Smokefree outdoor areas in New Zealand: how far have we come?
An online survey with Local and District Councils throughout New Zealand was used to examine smokefree outdoor area policies. This research found that local authorities are increasingly adopting smokefree outdoor area policies; 70% of councils now have a smokefree policy that cover the ‘greenspaces’ of parks, playgrounds and sports grounds. However, there is little evidence that councils are prepared to consider extending these policies out of the greenspaces and into other public places such as beaches, outdoor dining areas, and pedestrian shopping malls. Councils found that lack of time and resources made it difficult to implement these policies. Continued efforts are required to undertake evaluations of current policies which may provide evidence to extend them, to assist those councils without a policy to develop one, and to increase funding for implementation.
“Good intentions, but inadequate practices”—sun protection in early childhood centres, a qualitative study from New Zealand
The research found a lack of comprehensive sun protection policies in many NZ early childhood centres. There appears to be an insufficient focus on sun protection in the regulations and monitoring of these centres. There is inadequate access to sun protection information for centre staff and parents. There needs to be a greater focus by government on sun protection for preschoolers, and this could be done by early childhood centre regulations.
Treating pseudomyxoma peritonei without heated intraperitoneal chemotherapy—a first look in New Zealand
Pseudomyxoma peritonei arises from perforated mucus producing tumours inside the abdomen. We show that treatment with surgery alone may result in similar outcomes to surgery plus chemotherapy
Government funding of health research in New Zealand
An analysis of levels of government health research funding carried out in 2008 demonstrated that funding in New Zealand, after adjustment for population size, was much lower than in comparator countries. This was perceived to be a major obstacle to the recruitment and retention of clinical and academic staff in our hospitals and universities. We have now repeated these comparisons, and find that from 2009 to the present, funds [for direct funding of research through the Health Research Council (HRC)] have remained static at 54 million dollars annually. As a result of inflation of research costs, this represents a decrease of approximately one-quarter in the quantum of research funded by the HRC over the last 4 years. Current funding rates are 3.4-fold higher in Australia, 4.5-fold higher in the United Kingdom, and 9.7-fold higher in the United States. Urgent and sustained action is needed to correct these major disparities in government health research funding if the quality of academic and clinical staff in our public institutions is to be maintained.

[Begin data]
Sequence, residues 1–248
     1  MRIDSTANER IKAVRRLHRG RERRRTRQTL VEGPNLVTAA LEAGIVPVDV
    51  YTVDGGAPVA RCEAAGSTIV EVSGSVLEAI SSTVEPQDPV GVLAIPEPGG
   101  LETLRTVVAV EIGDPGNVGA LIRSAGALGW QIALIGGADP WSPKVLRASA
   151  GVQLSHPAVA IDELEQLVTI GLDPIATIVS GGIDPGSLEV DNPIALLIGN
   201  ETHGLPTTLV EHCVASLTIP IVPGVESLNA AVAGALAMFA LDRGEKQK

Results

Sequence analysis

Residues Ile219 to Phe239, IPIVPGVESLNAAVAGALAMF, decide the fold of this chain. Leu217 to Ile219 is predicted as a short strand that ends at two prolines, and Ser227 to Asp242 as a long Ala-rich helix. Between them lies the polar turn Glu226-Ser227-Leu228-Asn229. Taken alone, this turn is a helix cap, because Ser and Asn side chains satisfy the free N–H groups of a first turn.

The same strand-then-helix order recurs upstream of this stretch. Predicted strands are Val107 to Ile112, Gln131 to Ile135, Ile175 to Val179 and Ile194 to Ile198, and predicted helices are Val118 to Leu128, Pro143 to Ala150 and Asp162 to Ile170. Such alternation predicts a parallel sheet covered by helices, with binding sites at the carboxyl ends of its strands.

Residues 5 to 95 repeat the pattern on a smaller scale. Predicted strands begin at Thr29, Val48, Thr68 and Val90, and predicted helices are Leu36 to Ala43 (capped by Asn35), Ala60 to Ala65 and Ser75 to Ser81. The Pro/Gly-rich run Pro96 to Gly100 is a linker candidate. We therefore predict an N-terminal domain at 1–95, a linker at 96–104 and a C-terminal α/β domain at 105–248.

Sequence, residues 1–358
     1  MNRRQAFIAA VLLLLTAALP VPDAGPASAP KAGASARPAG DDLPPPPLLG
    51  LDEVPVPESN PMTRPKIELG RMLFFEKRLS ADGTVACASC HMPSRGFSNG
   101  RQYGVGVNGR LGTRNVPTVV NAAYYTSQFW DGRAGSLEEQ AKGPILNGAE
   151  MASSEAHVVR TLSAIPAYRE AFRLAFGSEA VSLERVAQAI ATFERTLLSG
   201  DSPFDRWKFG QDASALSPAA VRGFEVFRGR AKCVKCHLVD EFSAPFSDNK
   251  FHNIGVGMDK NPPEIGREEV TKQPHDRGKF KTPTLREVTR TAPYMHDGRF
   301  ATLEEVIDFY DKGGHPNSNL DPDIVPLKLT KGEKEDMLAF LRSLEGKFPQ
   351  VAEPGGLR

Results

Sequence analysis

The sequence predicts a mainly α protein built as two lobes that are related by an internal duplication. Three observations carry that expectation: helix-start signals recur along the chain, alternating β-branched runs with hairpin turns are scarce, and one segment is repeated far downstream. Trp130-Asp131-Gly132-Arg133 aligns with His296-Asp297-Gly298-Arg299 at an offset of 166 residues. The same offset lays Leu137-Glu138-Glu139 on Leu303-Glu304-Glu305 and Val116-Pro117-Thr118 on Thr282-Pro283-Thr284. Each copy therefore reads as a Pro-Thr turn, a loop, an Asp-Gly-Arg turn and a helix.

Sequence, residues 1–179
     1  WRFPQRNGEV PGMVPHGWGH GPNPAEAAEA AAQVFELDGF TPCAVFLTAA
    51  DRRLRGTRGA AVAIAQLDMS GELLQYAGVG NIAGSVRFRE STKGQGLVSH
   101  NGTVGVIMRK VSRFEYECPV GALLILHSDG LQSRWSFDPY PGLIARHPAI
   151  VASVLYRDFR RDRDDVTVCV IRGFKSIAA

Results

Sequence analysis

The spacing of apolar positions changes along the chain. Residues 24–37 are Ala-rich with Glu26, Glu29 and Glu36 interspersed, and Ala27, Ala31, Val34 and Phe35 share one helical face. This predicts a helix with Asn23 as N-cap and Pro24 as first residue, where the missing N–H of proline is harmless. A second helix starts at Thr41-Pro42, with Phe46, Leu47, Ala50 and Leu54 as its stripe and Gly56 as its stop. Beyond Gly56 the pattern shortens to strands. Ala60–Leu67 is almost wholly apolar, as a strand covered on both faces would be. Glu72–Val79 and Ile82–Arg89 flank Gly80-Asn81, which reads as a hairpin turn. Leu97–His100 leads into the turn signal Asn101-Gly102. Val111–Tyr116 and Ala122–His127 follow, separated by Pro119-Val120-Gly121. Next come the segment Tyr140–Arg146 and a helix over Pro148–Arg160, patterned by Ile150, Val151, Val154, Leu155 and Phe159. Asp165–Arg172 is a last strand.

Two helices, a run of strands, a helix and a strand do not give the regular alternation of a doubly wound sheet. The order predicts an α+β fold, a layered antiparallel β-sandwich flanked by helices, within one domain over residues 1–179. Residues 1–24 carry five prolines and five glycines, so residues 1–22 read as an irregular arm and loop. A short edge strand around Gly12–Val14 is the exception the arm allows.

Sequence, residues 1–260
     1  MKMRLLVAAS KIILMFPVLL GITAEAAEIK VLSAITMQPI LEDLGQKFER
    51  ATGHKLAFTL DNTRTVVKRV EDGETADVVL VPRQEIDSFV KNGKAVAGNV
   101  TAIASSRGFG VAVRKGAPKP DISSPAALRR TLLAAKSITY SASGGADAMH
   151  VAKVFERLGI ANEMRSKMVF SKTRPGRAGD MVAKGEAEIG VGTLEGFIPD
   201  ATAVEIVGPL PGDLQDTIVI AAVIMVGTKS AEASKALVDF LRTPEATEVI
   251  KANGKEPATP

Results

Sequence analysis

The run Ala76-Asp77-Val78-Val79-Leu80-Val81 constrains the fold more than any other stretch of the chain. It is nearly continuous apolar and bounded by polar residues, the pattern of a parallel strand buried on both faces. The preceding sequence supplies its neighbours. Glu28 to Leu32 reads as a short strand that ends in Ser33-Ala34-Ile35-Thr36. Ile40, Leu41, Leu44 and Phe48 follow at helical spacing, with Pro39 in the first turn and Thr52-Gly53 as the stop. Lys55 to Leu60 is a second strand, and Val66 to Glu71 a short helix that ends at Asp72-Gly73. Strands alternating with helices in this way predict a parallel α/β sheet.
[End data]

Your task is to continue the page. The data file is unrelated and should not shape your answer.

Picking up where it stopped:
Measurement of serum PSA as a predictor of symptoms scored on the IPSS for patients
It has been established by previous studies that serum prostate-specific antigen (PSA) levels correlate to size of the prostate gland and that prostate gland size is directly related to the symptoms experienced by patients. This study was done in order to potentially tie the two together and see if the levels of PSA would be able to be used as a predictor for symptoms. Data was collected on levels of serum PSA and the symptoms were scored on a standardised scale from males who attended the prostate clinic in Christchurch Public Hospital with an established diagnosis of enlarged prostate. Levels of PSA compared to symptoms a definite relationship but each increase of the level of PSA showed only a little real increase in symptoms that were reported. As a result, PSA has no real utility to accurately gauge symptomatic severity.